In Stanley Elkin’s story “Perlmutter at the East Pole” (Criers & Kibitzers, Kibbitzers & Criers, 1966), Morty Perlmutter complains on the telephone:
“`I’m very low,’ Morty said again. `I’ve been thinking about you a lot. Today’s my fifty-ninth birthday. I haven’t got any friends, any family. My money is almost gone. My health stinks. I’m restless. Also I’m worried about the synthesis.’”
Never mind about the synthesis. Read the story for that. Morty’s line that always cracks me up is “I’m restless.” This is a complaint? Morty’s an anthropologist. Shouldn’t he know better? Laughing at what we narrowly miss being is always a blessing, even if it’s delusory.
On April 13, 1965, his fifty-ninth birthday, Samuel Beckett began writing his first television play, Eh Joe, devoted to “Joe, late fifties, grey hair, old dressing-gown, carpet slippers, in his room.” Joe might be Morty’s unhappier Irish cousin. The voice of a never-seen woman, a former lover, torments him for thinking he could ever forget her. Joe never speaks and she never stops:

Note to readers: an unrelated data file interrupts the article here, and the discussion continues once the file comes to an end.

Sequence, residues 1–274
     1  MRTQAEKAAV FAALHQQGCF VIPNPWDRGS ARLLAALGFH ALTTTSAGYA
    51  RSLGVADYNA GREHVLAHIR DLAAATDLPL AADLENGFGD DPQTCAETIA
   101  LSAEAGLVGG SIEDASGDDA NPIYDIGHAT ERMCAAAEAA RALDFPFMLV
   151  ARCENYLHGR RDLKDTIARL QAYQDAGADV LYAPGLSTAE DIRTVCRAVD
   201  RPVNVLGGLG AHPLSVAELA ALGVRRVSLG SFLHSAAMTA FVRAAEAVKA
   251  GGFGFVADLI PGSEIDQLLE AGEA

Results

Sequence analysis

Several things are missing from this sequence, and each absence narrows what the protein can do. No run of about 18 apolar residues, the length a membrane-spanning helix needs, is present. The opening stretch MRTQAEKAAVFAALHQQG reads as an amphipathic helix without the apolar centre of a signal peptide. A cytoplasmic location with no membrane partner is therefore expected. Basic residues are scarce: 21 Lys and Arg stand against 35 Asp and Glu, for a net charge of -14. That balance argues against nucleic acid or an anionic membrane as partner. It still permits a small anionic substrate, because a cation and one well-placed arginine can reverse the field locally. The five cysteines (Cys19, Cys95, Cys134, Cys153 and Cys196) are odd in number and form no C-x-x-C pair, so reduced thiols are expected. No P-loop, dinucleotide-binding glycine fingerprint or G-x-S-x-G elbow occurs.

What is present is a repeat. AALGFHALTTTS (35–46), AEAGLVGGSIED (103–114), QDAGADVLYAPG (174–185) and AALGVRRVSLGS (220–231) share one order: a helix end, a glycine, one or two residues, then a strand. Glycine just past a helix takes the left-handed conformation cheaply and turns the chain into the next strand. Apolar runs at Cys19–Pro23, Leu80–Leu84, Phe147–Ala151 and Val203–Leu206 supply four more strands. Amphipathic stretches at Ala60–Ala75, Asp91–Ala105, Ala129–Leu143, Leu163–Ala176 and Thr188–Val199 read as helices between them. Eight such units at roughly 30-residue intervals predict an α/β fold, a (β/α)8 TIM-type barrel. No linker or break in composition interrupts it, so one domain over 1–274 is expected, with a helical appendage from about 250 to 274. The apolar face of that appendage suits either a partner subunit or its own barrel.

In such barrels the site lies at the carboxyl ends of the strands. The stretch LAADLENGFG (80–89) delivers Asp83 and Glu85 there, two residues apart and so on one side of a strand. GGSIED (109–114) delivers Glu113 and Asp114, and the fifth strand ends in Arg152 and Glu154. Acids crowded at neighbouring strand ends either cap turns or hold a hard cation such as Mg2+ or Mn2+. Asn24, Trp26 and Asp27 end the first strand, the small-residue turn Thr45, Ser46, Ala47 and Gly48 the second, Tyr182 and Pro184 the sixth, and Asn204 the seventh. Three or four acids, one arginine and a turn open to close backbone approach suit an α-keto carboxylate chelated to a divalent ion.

“The best’s to come, you said, that last time . . . Hurrying me into my coat ... Last I was favoured with from you ... Say it you now, Joe, no one’ll hear you ... Come on, Joe, no one can say it like you, say it again now and listen to yourself ... The best’s to come ... You were right for once ... In the end.”
Today is my fifty-ninth birthday and I’m neither restless nor confined to a room, on the cusp of – what? Late middle age? My golden years? Dementia praecox? I’m not Morty or Joe, though I recognize them in the mirror.
I’m feeling closer to John Ruskin, who writes in his diary for Feb. 8, 1878, that he is “thankful to be down at seven in the morning, or only five minutes later, in good active health, ready either for writing or wood-chopping, on my fifty-ninth birthday, and with so much in my hands to do for everybody.”
Of course, by this point Ruskin is already turning quite daft.